Aug. 03, 2018

Best of the Week — First Winner

AP reveals: Catholic nuns accuse clergy of sexual abuse

It was a #MeToo moment from the Vatican with a seemingly unlikely accuser – a nun.

Vatican correspondent Nicole Winfield’s interview with a nun, who broke a 20-year-silence about being physically assaulted by an Italian priest, and reporting by Uganda correspondent Rodney Muhumuza about the scope of abuse in Africa, resulted in the AP being the first news organization to chronicle the global impact on nuns of the #MeToo movement.

Their story, which included expert analysis and exclusive Vatican comment urging nuns to report and bishops to sanction abusive priests, earns the Beat of the Week.

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Oct. 07, 2022

Beat of the Week

(Honorable Mention)

AP: Churches defend clergy loophole on child sex abuse reporting

joined forces to reveal how religious lobbying across the U.S. has protected a loophole that exempts clergy from reporting child abuse if the abuse is revealed in a spiritual setting. The subject had surfaced in Rezendes’ August investigation into the mishandling and coverup of child sex abuse cases by the Mormon church.The investigative reporters found similar dynamics playing out in all 33 states that have the loophole: The Catholic and Mormon churches, and the Jehovah’s Witnesses successfully defeated more than 130 bills seeking to create or amend child sex abuse reporting laws.AP’s reporting brought attention to the loophole and prompted at least one state lawmaker to say he would introduce a bill to close the exemption.Read more

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Aug. 16, 2019

Best of the Week — First Winner

AP investigation: Guam’s ex-archbishop protected culture of clergy sex abuse of children

Knowledge of clergy sex abuse is widespread on the mainland of the United States. But it has long been a secret in the small, overwhelmingly Roman Catholic U.S. territory of Guam.

Washington-based investigative reporter Michael Biesecker, working with Atlanta-based enterprise photographer David Goldman and Seattle video journalist Manuel Valdes, helped to puncture that veil of silence when AP examined thousands of pages of court documents in lawsuits brought by abuse victims and then conducted extensive interviews.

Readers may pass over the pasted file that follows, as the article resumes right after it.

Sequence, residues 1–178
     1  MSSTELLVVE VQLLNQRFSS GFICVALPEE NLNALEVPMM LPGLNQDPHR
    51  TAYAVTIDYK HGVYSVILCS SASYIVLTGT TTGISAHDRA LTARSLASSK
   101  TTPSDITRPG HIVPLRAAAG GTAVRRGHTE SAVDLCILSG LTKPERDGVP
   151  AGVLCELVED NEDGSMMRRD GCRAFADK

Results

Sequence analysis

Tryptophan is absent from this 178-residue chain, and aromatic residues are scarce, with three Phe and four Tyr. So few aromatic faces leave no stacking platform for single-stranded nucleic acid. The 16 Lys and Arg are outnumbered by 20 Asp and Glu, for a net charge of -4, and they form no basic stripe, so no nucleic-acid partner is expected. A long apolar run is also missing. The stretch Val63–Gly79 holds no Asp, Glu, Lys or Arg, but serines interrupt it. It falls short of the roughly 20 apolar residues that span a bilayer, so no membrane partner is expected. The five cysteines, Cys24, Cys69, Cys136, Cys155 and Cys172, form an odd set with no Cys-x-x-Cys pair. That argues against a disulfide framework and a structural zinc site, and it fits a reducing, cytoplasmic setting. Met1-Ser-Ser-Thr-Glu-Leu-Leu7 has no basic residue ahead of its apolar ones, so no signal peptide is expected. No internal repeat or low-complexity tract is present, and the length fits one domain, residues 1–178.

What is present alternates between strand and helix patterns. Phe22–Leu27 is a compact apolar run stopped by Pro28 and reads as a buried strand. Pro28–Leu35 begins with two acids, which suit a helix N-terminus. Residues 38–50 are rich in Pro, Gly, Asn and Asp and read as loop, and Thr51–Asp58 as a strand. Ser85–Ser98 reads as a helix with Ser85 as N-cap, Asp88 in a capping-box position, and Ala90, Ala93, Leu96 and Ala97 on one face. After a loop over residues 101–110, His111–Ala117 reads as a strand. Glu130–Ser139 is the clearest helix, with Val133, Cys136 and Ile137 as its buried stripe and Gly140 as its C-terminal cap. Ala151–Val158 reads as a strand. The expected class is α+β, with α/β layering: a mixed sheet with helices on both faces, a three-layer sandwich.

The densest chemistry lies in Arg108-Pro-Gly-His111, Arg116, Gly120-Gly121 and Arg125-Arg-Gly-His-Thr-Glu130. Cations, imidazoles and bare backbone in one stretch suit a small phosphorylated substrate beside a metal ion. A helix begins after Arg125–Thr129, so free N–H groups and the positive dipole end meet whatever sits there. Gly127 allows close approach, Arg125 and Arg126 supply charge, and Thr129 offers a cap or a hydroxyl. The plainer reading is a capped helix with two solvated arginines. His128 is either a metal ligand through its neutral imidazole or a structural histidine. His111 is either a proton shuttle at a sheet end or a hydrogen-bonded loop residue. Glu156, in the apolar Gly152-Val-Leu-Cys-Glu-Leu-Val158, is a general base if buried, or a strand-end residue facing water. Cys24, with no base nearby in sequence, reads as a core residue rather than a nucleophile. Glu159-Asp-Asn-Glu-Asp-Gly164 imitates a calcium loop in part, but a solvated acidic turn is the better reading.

The AP team detailed a pattern of repeated collusion among predator priests, with abuse that spanned generations and reached all the way to the top of the territory’s church hierarchy, ruled over by then-Archbishop Tony Apuron, who himself had been accused of the rape of a 13-year-old choir boy when Apuron was a parish priest.

The care and sensitivity of the reporting and images were essential to the project’s power. “To see my story told in this way gives me a lot of peace, that I have a purpose,” said Walter Denton, a former U.S. Army sergeant and survivor of abuse nearly 40 years ago.

For telling a sensitive and little-known story of systemic clerical abuse dating from the 1950s to as recently as 2013, Biesecker, Goldman and Valdes share AP’s Best of the Week award.

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Dec. 02, 2019

Best of the States

AP Investigation: Catholic review boards often fail sex abuse survivors

In addressing its clergy sex abuse crisis, the Catholic church has touted a key reform: independent review boards with lay people. 

But an exhaustive investigation by the AP team of Reese Dunklin, Matt Sedensky and Mitch Weiss methodically discredited that claim. 

The reporters unearthed dozens of cases nationwide in which review boards rejected complaints from survivors, only to have them later validated by secular authorities. They also found that bishops stacked the boards with their own aides and attorneys. In a few cases, board members were themselves clergy accused of sexual misconduct. 

The rock-solid reporting was brought alive by the storytelling, with revealing details down to the pink sweater one board member was knitting while listening to a survivor’s story of abuse. 

For their comprehensive investigation into the Catholic church’s deeply flawed system for addressing claims of abuse, Dunklin, Sedensky and Weiss earn this week’s Best of the States award.

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Aug. 12, 2022

Best of the Week — First Winner

Deep sourcing and sensitive reporting deliver blockbuster on Mormon sex abuse cover-up

AP investigative reporter Mike Rezendes’ years of source work led him to a stunning discovery: a so-called help line that enabled a cover-up of sex abuse in the Mormon church community, including the case of a 5-year-old Arizona girl, molested by her father for seven years while church leaders were aware of the abuse.

Rezendes, video journalist Jessie Wardarski and photographer Dario Lopez met with victims and their families, earning their trust and telling the story in the victims’ own voices. The resulting package, including illustrations by Peter Hamlin, was one of AP’s most-viewed investigative projects of the year, protecting the victims even as it revealed a systemic effort to cover up horrific child sex abuse.

For deep sourcing and commitment to report a story with both impact and sensitivity, Mike Rezendes, Jessie Wardarski, Dario Lopez, Peter Hamlin and Randy Herschaft earn AP’s Best of the Week — First Winner honors.